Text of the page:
HH Com 454

What's a girl to do when a menacing black dog that only she can see reveals itself right before it near fatally attacks her? She gets herself stranded in a town harboring even darker secrets then the ones she's hiding.

In Macmalion (population unknown and dropping), people regularly go missing; sometimes disappearing entirely, sometimes turning up dead – only to disappear again. Quiet rumors of posthumous sightings add to the mystery that unfolds with each day Elsie spends in the strange town. With the help of a co-worker who knows more then she's letting on and a man facing his own supernatural dilemmas, Elsie begins to unravel Macmalion's secrets. What she discovers will not only connect to the night she held a dying man in her arms but also provide her with the answers she's spent the past two years looking for. The only catch is that the answers come with a hefty price: her mortal soul.

This is a great line: In Macmalion (population unknown and dropping).

the rest isn't.

Start with Elsie. Focus on her problem. Build from there. Be specific.


Inkwolf said...

I love the idea of a book based on the many Black Dog legends, but there's just not enough in the description to get my teeth into.

Angus Weeks said...

Who is Elsie and why is she in this place? It's clear she wasn't born there. Without this basic information, I was confused throughout the hook - I started off assuming she was a child.

I'd cut the first paragraph entirely and start with Miss Snark's favourite line, then in the next sentence introduce your protagonist and briefly explain why she is in the town, and then introduce the conflict.

Also, each time you use 'then' in your hook, it should be 'than'.

Anonymous said...

I liked it until the price was her mortal soul. That's both pretentious and vague.

Bernita said...

Is the Mauthie Doog part of the unfolding plot or just a convenient introduction?

writtenwyrdd said...

My first thought: Another black dog of the damned, damn it. These black dogs are indeed out of legend; but they are pretty common in horror and fantasy these days.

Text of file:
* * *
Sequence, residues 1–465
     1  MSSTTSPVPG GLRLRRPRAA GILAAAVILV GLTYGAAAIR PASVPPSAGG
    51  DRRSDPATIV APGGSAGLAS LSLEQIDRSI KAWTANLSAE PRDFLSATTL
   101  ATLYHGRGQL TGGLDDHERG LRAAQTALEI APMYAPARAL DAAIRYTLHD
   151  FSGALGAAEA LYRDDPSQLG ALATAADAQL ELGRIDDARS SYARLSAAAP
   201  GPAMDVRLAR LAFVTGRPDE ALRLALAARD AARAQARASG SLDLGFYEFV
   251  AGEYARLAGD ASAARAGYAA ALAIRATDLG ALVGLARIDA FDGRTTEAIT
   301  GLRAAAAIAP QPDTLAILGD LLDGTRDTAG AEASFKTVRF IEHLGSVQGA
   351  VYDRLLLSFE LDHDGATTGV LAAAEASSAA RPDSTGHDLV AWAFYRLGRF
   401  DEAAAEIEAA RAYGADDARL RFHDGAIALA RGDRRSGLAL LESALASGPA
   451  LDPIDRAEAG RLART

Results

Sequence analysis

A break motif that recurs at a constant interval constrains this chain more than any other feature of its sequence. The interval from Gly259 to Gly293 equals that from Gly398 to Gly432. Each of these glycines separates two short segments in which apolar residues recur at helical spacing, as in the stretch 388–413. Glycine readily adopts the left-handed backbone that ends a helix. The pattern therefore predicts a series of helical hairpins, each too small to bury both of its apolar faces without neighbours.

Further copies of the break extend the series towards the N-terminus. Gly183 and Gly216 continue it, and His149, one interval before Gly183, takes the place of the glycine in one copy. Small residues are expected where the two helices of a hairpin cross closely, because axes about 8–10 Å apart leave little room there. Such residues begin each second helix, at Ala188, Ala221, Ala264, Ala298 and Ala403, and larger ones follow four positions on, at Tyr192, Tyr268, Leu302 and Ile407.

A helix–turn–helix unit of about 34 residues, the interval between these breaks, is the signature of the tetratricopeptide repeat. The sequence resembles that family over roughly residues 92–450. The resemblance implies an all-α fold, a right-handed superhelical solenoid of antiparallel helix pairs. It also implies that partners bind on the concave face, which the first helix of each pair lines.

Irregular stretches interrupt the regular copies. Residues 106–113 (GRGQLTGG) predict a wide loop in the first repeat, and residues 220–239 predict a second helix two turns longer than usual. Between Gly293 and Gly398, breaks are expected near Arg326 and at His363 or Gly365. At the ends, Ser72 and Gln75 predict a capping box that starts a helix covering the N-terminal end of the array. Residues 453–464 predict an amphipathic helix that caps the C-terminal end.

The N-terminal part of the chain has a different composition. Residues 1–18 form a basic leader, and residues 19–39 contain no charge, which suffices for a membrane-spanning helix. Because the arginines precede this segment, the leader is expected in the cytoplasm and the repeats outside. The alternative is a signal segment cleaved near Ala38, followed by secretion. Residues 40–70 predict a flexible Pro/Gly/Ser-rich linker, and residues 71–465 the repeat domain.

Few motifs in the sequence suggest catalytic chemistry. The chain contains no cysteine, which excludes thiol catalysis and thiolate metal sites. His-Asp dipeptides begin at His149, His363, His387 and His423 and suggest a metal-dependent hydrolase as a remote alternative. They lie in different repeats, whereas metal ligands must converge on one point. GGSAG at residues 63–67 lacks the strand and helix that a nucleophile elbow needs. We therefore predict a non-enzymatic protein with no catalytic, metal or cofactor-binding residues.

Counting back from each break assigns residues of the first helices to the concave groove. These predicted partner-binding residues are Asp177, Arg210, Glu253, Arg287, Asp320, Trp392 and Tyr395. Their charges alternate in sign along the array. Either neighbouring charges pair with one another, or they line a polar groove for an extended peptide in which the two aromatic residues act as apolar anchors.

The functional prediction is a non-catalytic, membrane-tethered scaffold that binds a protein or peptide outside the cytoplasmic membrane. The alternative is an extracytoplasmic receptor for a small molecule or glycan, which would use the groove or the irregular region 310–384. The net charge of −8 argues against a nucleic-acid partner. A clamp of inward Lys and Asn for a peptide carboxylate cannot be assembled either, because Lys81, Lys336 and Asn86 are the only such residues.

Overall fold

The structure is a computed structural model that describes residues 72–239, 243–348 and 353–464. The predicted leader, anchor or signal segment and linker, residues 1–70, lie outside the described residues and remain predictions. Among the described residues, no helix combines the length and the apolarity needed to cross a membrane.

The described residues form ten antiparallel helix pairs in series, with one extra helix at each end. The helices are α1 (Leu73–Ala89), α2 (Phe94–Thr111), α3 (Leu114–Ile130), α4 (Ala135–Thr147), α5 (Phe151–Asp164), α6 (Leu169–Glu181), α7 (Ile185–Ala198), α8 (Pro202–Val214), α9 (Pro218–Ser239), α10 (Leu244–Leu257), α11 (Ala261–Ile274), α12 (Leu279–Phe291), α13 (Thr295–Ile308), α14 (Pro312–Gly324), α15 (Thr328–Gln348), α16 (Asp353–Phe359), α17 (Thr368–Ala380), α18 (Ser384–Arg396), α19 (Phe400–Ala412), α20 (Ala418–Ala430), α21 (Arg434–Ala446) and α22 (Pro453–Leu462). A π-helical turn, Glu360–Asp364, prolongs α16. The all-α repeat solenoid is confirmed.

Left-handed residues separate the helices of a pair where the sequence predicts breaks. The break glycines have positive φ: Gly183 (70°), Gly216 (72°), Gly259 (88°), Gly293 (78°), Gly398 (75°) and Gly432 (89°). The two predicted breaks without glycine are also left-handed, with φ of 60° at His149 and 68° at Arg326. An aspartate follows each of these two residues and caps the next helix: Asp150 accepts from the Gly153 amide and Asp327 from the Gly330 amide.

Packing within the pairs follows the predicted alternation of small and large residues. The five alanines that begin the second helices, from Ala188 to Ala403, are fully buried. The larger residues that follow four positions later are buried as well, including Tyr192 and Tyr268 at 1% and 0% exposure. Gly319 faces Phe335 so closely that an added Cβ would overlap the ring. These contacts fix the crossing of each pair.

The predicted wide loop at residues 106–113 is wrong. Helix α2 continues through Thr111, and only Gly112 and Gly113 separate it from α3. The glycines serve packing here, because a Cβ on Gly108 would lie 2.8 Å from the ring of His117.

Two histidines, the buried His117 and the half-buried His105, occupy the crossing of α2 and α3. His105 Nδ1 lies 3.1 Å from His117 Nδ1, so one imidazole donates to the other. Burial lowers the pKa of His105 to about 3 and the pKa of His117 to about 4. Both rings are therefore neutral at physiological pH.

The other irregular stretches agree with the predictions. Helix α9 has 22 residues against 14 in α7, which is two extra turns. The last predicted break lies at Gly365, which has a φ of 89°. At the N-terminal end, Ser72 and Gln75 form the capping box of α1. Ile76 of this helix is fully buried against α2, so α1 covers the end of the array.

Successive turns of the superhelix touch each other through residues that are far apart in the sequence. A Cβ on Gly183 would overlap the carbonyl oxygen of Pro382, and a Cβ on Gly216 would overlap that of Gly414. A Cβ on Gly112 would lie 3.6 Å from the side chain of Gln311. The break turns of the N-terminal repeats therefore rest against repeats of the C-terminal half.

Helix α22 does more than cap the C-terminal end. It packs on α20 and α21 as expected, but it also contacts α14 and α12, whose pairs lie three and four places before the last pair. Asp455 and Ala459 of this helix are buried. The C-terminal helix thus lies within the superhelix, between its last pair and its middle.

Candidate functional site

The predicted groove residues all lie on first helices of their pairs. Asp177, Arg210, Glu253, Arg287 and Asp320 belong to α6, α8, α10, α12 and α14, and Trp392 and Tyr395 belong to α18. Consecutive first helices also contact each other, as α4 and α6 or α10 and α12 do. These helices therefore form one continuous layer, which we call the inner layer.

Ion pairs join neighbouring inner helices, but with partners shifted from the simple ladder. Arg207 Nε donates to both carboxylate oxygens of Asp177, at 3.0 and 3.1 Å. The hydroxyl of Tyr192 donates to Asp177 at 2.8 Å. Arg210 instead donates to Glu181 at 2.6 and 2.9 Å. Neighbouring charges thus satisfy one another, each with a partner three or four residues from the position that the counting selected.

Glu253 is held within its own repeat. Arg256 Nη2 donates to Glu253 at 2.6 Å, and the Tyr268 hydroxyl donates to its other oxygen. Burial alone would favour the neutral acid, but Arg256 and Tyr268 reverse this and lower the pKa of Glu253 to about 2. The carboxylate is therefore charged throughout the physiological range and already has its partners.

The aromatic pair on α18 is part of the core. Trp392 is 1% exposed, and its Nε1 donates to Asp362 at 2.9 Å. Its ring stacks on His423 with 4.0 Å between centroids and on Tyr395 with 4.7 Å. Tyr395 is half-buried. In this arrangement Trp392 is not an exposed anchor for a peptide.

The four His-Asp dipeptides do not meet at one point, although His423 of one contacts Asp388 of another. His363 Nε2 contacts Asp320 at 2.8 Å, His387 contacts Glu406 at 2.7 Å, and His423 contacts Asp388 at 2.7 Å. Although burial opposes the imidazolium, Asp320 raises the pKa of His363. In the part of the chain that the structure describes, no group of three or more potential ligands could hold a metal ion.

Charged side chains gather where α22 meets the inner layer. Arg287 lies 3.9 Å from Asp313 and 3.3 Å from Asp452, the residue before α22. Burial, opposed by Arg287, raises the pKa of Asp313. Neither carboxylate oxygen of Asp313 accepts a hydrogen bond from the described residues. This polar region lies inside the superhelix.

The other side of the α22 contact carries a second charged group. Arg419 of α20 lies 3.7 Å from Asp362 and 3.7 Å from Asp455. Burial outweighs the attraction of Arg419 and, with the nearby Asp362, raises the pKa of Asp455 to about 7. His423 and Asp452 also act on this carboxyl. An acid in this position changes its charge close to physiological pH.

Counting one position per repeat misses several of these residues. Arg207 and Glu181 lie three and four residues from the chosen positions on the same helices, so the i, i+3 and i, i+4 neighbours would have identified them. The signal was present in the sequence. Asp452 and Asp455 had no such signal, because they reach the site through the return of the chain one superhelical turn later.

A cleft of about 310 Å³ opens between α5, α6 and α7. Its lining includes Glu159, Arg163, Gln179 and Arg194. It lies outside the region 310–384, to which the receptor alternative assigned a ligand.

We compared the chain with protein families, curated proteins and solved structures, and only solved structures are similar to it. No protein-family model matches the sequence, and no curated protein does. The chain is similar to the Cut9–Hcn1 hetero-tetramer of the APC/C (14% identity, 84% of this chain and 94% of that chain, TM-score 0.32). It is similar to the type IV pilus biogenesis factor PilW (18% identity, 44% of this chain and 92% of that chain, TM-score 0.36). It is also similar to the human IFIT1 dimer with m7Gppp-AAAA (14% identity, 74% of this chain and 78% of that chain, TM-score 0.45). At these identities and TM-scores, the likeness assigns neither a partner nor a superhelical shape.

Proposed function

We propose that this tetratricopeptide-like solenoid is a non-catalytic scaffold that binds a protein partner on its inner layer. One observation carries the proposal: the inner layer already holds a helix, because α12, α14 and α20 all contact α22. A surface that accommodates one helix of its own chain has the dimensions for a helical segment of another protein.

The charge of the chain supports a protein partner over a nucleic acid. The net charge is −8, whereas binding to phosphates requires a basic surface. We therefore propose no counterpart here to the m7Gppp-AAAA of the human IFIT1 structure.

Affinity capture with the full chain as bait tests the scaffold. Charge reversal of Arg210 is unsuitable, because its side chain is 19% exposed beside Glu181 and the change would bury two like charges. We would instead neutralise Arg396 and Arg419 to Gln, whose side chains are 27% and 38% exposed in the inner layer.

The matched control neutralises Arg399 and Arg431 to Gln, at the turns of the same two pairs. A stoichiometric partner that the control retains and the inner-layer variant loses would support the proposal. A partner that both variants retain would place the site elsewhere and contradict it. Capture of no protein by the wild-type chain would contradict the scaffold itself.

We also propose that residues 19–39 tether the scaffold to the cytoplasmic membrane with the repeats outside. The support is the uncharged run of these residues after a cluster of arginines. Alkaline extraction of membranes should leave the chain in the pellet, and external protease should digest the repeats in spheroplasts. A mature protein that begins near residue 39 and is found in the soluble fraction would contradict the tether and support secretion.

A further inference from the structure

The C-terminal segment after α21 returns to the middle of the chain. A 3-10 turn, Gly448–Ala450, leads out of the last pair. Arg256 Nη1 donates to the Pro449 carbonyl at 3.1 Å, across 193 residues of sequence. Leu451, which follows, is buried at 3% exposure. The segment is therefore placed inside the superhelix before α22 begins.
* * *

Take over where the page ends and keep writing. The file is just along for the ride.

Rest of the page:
How about a new sort of menacing creature? I still find the Cheshire Cat's fading away until nothing is left but his grin incredibly menacing.

The hook should probably start with her arrival. She's looking for the answer to X but an (accident?, lead?) gets her stuck in Macmalion. Then something tries to stop her (dogs?) and it seems the search ends here, but the price is Y (her soul?)

Or something like that.

There must be a compelling reason she braves all this stuff, and I'd like to know it. You imply it has something to do with the dying man, but he's dead and out of the picture.

Twill said...

However you end up writing the hook, please tighten, tighten, tighten.

For example -

"What's a girl to do when a menacing black dog that only she can see reveals itself right before it near fatally attacks her?"

At the very least, the words "reveals itself right before it" are redundant, leaving

"What's a girl to do when a menacing black dog that only she can see [nearly] fatally attacks her?"

It still feels clunky.

If you can find a single superior word for "menacing and black", then please do. English has a large nexus between darkness and evil and danger, so there should be a single word in that range you could use.

There also ought to be a direct word for "near fatally attacks" - something like "maims"?

Try turning the sentences around to subject- direct verb - object and see what happens.

"A black dog appears and attacks Elsie. Her escape strands her in a town harboring even darker secrets [than] the ones she's hiding."

Better, but you can probably do a lot more.